At a youth conference in Ecuador this week, Elian Gonzalez, famous as the focal point of an immigration battle back in 2000, spoke out against the United States' policy on Cuba, which includes a strict embargo that has persisted since the Kennedy administration.
Gonzalez spoke with CNN en Español:
"Just like her [Gonzalez's mother], many others have died attempting to go to the United States. But it's the U.S. government's fault. Their unjust embargo provokes an internal and critical economic situation in Cuba," Gonzalez said.
"But, despite that, Cuba, even with all its problems has progressed over the years. The progress we've made is all thanks to Cuba's courage, our dignity, our continued fight for a more just model."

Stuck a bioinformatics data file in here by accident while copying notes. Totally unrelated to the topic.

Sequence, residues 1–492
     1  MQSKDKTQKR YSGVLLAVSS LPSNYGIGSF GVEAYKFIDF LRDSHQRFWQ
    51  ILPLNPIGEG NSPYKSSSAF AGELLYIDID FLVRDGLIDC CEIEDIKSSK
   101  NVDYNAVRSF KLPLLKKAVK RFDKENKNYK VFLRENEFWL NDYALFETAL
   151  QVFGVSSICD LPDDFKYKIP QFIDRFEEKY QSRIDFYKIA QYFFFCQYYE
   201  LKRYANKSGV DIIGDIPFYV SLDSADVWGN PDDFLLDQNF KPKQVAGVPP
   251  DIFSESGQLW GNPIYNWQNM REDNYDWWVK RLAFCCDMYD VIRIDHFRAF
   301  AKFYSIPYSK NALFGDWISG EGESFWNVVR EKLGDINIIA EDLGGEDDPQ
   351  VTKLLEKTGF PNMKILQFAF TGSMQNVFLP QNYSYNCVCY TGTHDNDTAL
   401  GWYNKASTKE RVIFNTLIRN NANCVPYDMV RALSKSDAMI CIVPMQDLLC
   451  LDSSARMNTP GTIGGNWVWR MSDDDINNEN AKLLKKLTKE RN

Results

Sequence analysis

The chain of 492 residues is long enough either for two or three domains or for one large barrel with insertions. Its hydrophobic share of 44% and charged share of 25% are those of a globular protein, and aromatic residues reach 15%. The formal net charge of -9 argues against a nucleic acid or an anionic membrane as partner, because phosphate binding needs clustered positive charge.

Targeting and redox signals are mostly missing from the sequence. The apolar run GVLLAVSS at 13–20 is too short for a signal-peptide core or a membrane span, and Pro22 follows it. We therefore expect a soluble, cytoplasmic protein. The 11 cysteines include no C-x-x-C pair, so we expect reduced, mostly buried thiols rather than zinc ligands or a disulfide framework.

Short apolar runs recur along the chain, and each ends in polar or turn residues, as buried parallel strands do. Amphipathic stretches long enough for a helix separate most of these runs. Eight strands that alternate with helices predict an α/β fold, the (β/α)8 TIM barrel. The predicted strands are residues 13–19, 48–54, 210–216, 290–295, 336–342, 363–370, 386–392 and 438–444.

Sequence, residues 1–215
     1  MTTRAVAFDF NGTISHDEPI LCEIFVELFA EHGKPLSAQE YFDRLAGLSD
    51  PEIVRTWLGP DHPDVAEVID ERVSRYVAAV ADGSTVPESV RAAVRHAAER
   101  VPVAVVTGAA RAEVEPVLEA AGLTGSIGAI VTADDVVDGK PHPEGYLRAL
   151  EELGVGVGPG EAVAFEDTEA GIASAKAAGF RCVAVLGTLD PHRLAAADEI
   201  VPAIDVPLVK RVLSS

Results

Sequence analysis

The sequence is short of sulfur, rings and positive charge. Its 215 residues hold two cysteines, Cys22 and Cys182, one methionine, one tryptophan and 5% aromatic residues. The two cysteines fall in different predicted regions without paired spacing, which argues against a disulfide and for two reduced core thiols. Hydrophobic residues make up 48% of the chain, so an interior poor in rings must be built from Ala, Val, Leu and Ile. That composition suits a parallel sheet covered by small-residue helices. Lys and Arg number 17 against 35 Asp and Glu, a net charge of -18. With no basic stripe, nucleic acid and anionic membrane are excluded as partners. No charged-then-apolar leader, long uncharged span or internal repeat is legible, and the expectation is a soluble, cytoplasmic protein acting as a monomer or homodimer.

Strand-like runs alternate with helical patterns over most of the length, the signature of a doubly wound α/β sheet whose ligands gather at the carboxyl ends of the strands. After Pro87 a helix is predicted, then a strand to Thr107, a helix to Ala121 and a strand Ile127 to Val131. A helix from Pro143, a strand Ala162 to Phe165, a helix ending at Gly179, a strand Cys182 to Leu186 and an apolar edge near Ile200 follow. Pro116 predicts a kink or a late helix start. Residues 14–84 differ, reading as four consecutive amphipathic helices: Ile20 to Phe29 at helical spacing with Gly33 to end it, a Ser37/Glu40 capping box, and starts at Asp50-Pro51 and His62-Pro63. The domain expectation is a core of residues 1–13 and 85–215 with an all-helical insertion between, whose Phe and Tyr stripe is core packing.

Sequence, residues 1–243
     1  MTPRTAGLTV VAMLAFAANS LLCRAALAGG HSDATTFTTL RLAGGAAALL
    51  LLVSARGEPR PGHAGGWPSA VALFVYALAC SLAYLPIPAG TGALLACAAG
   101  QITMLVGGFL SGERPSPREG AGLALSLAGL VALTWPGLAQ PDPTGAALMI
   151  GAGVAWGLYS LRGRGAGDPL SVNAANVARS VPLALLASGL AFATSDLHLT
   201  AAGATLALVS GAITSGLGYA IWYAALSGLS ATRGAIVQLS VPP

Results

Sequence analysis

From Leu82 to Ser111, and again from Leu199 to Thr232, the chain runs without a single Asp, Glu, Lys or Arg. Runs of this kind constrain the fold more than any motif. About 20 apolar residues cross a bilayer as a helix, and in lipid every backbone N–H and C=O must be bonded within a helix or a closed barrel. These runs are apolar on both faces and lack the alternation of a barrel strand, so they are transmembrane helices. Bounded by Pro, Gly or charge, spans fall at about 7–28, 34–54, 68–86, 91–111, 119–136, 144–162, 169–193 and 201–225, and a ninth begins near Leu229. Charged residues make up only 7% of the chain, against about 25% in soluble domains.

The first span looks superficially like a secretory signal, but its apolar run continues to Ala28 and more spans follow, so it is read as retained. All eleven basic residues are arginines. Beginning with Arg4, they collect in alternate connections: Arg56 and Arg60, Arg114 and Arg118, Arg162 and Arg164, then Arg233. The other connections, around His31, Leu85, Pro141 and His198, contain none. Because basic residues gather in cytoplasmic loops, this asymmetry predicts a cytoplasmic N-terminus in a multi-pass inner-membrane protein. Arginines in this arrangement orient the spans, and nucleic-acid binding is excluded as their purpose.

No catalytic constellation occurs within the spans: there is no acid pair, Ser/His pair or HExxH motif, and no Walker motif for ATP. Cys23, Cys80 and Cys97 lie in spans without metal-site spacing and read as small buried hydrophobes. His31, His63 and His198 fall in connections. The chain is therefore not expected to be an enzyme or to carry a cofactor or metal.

The comments coincidentally occurred the same day that President Obama did the unthinkable—shaking the hand of Cuban President Raul Castro at Nelson Mandela's memorial service.
The trip to Ecuador was the first trip abroad for Gonzalez since he was taken from relatives in Miami at gunpoint and returned to Cuba 13 years ago. In the intervening period, he mostly kept out of the public sphere, attending a military academy and studying engineering.
This article is from the archive of our partner The Wire.
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